Badiou announces that he will be returning to the theory of the four truth procedures, from the point of view of “the possible crossing, the possible combination”, of two distinct truth procedures”. There is an ontological background to the question in that “a crossing of truths is ontologically a crossing of infinities of different types”. Each truth touches a specific type of infinity: “infinite of absolute proximity, inaccessible infinite, etc”. This theory of “crossings” as opposed to sutures is potentially very interesting. Bruno Latour’s position has undergone a similar re-focusing on crossings. Demarcation can only get you so far.

Next, Badiou gives an empirical survey of various crossings: love and art (poetry, novel, cinema); science and politics (including the science of the economy and politics); science and the arts (architecture, installations, quantum art, Leonardo da Vinci); politics and art (engaged art, Plato’s exclusion of the poets); love and politics (theatre, tragedy). He concludes this inventory with the affirmation that the most difficult crossing is that between love and science, because it involves “the difficulty of crossing two types of infinite that are hard to match with each other”.


Given Badiou’s distinction between the ordered system and the orderly voyage, the question of crossings between truth-procedures belongs more to the orderly voyage. The ordered system is more concerned with the conditions of possibility of these truth-procedures, and with their ordered, but abstract, inventory.

Given the periodisation of his life, Badiou’s period of “adult deployment” can be further divided into four phases, corresponding to each of his four “big books”: subject, being and event, appearance and worlds, immanence and happiness. Each of these phases or sub-periods mobilise a different type of mathematics: algebra and topology, set theory, category theory, theory of very large infinities. We can also discern more general traits that are transposable to the evolution of the other truth procedures over this same period: installation, demarcation, complexification, crossing.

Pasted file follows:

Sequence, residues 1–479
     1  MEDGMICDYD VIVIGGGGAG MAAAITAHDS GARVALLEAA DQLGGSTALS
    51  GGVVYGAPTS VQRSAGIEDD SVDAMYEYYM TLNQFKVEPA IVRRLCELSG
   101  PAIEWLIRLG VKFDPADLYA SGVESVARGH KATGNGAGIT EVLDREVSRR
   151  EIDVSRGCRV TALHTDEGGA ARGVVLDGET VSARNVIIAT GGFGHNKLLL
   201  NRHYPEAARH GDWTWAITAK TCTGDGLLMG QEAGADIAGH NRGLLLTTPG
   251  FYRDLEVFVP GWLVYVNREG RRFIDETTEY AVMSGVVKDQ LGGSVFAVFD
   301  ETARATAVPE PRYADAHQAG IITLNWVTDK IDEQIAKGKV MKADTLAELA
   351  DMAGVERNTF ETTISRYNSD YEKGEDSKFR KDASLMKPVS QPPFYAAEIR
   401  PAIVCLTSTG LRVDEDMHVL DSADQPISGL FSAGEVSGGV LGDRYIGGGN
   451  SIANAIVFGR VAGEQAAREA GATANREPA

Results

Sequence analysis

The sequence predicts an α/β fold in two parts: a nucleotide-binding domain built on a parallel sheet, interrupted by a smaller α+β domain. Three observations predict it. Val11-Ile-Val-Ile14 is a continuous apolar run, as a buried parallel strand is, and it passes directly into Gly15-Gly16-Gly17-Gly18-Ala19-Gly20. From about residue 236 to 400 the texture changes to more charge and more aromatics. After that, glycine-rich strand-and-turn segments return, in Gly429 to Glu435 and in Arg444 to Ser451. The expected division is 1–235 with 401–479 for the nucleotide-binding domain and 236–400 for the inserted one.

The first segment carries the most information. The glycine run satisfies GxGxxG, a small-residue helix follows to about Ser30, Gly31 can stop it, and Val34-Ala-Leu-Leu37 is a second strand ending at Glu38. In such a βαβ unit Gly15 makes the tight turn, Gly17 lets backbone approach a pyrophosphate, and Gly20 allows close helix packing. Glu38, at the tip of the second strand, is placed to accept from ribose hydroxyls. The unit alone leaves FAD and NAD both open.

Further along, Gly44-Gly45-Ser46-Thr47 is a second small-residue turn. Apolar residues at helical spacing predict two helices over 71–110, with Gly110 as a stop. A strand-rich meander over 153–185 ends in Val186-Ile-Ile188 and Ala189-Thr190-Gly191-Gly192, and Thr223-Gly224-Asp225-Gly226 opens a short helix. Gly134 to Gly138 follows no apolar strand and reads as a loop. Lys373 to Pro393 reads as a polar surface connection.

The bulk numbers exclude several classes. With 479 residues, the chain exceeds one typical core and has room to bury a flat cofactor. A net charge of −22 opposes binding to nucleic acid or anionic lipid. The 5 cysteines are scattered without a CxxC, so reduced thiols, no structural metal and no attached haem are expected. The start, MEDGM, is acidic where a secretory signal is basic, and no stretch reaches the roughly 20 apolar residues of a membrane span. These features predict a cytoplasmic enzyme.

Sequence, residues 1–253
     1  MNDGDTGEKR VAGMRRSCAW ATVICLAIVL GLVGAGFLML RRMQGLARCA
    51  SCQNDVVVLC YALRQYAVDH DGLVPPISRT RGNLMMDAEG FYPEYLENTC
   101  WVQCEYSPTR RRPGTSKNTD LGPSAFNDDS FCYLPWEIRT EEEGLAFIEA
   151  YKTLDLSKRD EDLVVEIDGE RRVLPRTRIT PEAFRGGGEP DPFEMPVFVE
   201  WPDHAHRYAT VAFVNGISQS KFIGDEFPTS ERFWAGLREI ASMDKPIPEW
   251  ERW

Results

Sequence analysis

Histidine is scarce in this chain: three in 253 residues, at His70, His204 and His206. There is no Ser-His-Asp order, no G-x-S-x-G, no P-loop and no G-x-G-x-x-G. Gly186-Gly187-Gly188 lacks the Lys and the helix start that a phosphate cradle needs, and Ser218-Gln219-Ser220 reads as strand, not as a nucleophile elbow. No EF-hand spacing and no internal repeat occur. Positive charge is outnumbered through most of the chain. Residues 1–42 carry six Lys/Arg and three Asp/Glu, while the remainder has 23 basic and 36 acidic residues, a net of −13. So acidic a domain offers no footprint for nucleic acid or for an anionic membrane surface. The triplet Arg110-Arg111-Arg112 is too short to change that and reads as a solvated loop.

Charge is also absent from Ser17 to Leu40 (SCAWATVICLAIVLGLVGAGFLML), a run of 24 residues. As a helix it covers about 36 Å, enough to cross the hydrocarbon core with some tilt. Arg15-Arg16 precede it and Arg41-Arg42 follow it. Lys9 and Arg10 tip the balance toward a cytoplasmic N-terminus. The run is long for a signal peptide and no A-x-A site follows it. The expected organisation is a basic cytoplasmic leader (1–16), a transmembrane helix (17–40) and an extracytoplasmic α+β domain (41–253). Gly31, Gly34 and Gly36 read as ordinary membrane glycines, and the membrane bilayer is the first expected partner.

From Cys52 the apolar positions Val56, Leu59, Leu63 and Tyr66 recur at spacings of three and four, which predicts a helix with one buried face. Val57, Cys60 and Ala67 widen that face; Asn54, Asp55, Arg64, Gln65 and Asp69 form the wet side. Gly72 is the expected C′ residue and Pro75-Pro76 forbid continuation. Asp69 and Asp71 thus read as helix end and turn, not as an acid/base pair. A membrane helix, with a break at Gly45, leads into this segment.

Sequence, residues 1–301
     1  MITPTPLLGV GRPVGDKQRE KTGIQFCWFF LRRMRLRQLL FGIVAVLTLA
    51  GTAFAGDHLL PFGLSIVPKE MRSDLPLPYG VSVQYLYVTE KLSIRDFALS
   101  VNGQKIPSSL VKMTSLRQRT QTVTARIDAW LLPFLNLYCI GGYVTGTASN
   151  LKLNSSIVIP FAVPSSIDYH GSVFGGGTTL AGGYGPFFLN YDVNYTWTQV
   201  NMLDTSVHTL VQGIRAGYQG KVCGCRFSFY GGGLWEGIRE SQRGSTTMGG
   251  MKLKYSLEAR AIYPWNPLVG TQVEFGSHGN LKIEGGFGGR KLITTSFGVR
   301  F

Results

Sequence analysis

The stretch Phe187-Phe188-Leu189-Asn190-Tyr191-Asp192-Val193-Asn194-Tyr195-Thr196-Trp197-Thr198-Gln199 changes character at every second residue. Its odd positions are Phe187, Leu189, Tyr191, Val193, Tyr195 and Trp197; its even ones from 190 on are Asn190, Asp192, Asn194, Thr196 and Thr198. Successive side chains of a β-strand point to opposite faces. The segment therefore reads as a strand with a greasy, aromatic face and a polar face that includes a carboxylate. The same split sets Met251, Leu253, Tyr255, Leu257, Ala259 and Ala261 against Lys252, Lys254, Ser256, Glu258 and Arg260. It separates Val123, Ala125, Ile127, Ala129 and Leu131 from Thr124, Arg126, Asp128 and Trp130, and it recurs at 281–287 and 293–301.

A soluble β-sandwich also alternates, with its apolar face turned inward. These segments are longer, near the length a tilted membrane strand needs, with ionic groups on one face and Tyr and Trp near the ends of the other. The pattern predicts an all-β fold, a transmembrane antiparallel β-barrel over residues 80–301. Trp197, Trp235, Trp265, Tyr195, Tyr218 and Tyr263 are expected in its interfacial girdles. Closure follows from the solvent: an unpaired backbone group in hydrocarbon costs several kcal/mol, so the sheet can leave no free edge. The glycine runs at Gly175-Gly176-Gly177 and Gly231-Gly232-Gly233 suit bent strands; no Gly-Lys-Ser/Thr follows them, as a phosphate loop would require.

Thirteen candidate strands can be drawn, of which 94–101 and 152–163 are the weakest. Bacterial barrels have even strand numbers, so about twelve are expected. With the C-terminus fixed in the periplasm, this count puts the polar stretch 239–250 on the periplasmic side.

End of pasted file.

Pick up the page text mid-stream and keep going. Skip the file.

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6 Responses to CROSSINGS OF TRUTH PROCEDURES: Badiou’s new lesson

  1. Dominic Fox says:

    I love the idea that old age begins at 80. Classic Badiouvian chutzpah, that.

    Whether the scheme of assigning different classes of infinity to different kinds of truth procedure will come off remains to be seen. Some of the ropier bits of LoW are those dealing with “large” infinities. It’s a return to set theory, but to the wilder shores of set theory. Badiou’s always been a maximalist when it comes to mathematical ontology: anything that can be postulated (and shown not to be inconsistent) “exists”, or at least is immediately available for thinking with. This means that he has an exotic and powerful conceptual vocabulary ready-to-hand, or at least ready for philosophical transformation (I don’t want to underplay the work involved). There is genuine risk in the mobilization of such concepts: risk that you’ll get the technical details wrong (which I contend does vitiate the whole enterprise, no matter how poetically the mistake is set forth), but also risk that the loop between mathematics and philosophy is either too tight (suture, or merely retracing the steps of mathematics) or too slack (handwavey metaphor-mongering). Badiou at his best is a master of letting it out and reining it in – the “rhythm” of Being & Event is essential to its composition. It’s like watching someone work a bellows.


  2. landzek says:

    At first glance, sounds like Hiedegger’s attempt, under a different guise. I wonder how many times we will have to encounter a method that proposes to get somewhere, somehow, specific and never get there, before we give it up? Lol. I think the effort itself is the subject of analysis, always missing itself.

    But I’ll read it closer when I have a mint.


  3. landzek says:

    Are you taking this seminar Terrance?


  4. Pingback: BADIOU’S PROTOCOLS OF IMMANENCE: on a poem of Cesar Vallejo | AGENT SWARM